World-leading research

In the right environment, the simplest ideas can grow to have great impact on the way we live.

Monash has long been an incubator for groundbreaking research. Things that we take for granted now, such as seat belts in cars and IVF treatment, would not exist without the initial work of Monash researchers.

Today, our scientists continue to lead and collaborate with teams around the world, across all levels of industry and government.

Research that's made a difference


World's first IVF pregnancy

In-vitro fertilisation (IVF) is a common method for the treatment of infertility, bringing hope to thousands of men, women and families.

Monash Institute of Reproduction and Development (MIRD) researchers Professors Alan Trounson and Carl Wood achieved the world's first IVF pregnancy in 1973.

Five years later, based on their work, the world's first IVF baby was born in the UK in July 1978.

The Trounson and Wood team went on to achieve Australia's first (and the world's fourth) successful IVF birth in 1980. In fact, 12 out of the first 15 IVF babies are Monash babies.

Their research continues to make an impact in reproductive science as the treatment becomes more accessible worldwide.

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Flu treatment

Watch our flu treatment video on YouTube

In 1986, a team from Monash University's Faculty of Pharmacy and Pharmaceutical Sciences (formally Victorian College of Pharmacy) designed and synthesised anti-flu drug, Relenza.

Relenza first became available in Australia in 1999 and is now used globally. Influenza can result in fatal complications and affects up to 500 million people each year.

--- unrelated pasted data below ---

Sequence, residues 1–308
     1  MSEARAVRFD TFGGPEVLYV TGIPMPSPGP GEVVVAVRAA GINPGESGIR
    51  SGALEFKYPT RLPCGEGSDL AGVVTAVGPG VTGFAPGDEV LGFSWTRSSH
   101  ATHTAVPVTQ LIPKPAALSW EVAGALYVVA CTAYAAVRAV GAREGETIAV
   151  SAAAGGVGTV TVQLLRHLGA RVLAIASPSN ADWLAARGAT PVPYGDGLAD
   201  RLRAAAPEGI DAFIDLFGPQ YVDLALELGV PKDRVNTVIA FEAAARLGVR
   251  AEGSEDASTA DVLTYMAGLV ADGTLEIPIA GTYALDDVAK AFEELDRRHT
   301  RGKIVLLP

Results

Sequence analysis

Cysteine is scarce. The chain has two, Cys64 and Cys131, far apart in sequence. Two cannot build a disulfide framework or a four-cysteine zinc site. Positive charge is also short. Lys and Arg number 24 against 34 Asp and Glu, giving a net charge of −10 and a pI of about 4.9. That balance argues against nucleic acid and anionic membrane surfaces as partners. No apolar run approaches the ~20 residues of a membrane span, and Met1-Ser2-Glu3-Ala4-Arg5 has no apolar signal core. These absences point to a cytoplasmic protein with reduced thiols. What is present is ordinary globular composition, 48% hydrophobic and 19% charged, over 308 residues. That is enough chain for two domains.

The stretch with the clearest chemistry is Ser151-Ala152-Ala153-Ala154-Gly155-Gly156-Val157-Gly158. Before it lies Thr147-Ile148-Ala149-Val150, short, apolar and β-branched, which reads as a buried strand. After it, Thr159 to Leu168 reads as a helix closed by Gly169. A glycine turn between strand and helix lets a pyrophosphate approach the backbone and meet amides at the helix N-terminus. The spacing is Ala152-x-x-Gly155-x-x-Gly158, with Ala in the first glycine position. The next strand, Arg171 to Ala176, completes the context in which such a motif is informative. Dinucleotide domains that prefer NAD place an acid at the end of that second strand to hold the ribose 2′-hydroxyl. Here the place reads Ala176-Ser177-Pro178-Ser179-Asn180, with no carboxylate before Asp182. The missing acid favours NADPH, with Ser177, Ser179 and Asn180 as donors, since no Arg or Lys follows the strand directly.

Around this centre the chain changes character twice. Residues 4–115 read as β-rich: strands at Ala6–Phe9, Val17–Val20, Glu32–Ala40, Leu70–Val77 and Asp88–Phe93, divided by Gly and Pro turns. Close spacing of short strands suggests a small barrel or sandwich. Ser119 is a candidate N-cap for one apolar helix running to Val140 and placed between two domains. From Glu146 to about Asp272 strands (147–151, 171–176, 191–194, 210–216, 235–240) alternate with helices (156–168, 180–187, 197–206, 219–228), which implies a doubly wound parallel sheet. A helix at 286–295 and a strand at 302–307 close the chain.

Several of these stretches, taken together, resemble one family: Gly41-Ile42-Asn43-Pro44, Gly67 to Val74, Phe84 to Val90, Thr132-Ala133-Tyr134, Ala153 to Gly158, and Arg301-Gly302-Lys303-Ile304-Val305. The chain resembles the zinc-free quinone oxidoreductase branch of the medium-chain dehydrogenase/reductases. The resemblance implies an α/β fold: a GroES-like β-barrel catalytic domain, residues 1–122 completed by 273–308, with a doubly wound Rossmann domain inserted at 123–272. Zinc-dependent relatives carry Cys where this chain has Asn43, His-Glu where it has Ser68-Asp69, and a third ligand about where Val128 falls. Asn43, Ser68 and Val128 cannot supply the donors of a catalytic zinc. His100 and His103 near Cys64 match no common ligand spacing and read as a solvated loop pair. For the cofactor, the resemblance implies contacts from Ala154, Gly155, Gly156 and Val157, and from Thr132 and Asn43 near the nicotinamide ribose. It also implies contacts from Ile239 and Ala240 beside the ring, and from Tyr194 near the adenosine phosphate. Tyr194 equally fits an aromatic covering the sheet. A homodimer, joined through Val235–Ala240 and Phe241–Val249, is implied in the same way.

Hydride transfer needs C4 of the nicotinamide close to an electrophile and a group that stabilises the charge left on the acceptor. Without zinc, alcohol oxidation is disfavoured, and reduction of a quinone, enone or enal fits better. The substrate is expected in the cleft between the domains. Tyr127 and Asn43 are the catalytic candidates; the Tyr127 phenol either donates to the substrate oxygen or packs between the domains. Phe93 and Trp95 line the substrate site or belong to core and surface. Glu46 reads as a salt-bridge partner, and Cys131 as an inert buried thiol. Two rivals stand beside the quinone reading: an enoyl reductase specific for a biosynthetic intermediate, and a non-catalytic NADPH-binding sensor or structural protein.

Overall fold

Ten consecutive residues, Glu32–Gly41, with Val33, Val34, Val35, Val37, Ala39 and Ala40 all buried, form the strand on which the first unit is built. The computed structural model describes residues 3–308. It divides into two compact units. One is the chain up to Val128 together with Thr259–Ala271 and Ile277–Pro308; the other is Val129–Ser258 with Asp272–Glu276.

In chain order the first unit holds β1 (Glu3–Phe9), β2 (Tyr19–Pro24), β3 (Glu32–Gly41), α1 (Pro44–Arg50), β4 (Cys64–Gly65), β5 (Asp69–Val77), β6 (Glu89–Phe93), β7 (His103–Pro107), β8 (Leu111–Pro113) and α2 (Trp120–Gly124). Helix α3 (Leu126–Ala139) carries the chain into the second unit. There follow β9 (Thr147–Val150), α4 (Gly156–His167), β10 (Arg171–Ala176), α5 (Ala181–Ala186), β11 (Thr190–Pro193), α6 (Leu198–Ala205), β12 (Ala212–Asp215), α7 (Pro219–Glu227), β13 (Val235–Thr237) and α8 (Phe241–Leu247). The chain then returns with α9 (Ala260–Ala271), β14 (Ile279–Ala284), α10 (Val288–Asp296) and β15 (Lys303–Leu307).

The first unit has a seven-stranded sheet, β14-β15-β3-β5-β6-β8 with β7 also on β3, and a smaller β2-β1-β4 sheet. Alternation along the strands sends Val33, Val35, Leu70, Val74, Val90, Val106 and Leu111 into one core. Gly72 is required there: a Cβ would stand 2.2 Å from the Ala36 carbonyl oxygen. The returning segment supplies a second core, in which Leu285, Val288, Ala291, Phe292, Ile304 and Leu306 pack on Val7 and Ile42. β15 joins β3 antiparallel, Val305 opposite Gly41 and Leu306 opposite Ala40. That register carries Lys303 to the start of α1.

Stem cell research

Our researchers made their first big stem cell discovery in 2000. A team led by Professors Alan Trounson and Martin Pera were the first in the world to demonstrate that nerve stem cells could be derived from human embryonic stem cells in the laboratory.

They later showed that outside of the laboratory, human embryonic stem cells could develop into nerve cells, raising the revolutionary prospect of treating a range of diseases from Parkinson's through to Alzheimer's and diabetes.

In 2009, a team under Professors Andrew Elefanty and Ed Stanley modified human embryonic stem cells to glow red when they became red blood cells. This now helps scientists to track the change as the cells make the transition.

Most recently, Associate Professor Sharon Ricardo and her group of researchers were able to reprogram human kidney cells and turn them back to an embryonic stem cell state. This discovery could help address the ethical issues surrounding current practices for harvesting embryonic stem cells for research.

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